What is this, the 20th time?

    Anyway good luck with sticking your fingers in your ears and ignoring progress. It worked well last time.

  8. Binraider Silver badge

    System to be avoided - soon to be replaced by system to be banned? Giving fair warning to Chinese game-players to exit before the real crash.

    And as an outsider, if you didn't sell at the peaks of 40+k just as this was kicking off you probably shouldn't be investing... Or should watch what you are doing more closely.

    Cryptotransaction capabilities absolutely have a purpose, but BTC is a relatively poor implementation. It was the first of course; and serves as a useful developmental step towards a more permanent system.

    Ponzi trading around crypto is, well, what it is. Gamble only if you know what you are getting into and are prepared to lose.

  9. Winkypop Silver badge

    It’s just Jack and the beanstalk

    Without Jack, the beans and the rest…

    1. Anonymous Coward
      Anonymous Coward

      Re: It’s just Jack and the beanstalk

      Having had to read the story out loud recently - that Jack guy was a major jerk.

      Property trespassing, burglary, theft, not to mention the economic impact of introducing an unlimited source of currency on the market at a time everybody used the gold standard.

      And to mask that, slander of his victim, by alleging he was a children-eating ogre, for which we conveniently only have Jack's word...

  10. I code for the bacon

    "...building early warning systems to detect financial risks..."

    OK. Good luck with that! ... Cos' Here in the West we haven't been really successful in it...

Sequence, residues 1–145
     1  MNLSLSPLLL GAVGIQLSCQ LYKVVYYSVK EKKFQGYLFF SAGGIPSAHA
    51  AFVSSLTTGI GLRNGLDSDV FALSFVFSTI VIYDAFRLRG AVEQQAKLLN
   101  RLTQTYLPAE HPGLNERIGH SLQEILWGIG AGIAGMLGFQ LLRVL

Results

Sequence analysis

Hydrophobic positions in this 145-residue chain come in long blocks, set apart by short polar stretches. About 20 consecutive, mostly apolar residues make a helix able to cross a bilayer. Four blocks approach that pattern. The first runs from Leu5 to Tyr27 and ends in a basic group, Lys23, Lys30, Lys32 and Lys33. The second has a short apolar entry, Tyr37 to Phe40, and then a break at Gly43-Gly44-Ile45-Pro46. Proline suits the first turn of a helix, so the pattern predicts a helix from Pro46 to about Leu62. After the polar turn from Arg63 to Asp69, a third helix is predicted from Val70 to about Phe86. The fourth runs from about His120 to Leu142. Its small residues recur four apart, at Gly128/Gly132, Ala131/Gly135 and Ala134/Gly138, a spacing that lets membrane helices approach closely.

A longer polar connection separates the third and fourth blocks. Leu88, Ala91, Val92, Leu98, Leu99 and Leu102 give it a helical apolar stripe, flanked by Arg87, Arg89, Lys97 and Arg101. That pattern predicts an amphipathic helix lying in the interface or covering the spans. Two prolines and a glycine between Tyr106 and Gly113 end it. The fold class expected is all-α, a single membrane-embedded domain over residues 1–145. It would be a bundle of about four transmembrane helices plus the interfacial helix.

11. Xamol

    IMHO, buying Bitcoin is purely a gamble. No inherent value means that market sentiment is the only price driver. When China or Musk make public comments, the price reacts violently. Gamble right (or be in the know) and you make money, quite possibly lots of it. Otherwise, you should accept that you gambled and you lost (and if you're not in the know, it's akin to betting against the house).

    Go for an asset backed cryptocurrency and you're more of an investor but still high risk because those cryptocurrencies are still pretty niche and volatile.

    Regulation will probably decide the final fate of cryptocurrencies but if they're regulated and brought more into the mainstream, that's going to change them completely and there'll be a very big sell off as the criminal element heads for the exit.

    1. doublelayer Silver badge

      "Go for an asset backed cryptocurrency and you're more of an investor but still high risk because those cryptocurrencies are still pretty niche and volatile."

      If you want to invest in an asset, buy a fund that reflects that asset. They're regulated and have to verify they actually have that asset. Crypto doesn't add any benefits there. Crypto only has benefits in theory as a method of exchange, and an asset-backed one usually lacks that fluidity without doing much about the volatility problem.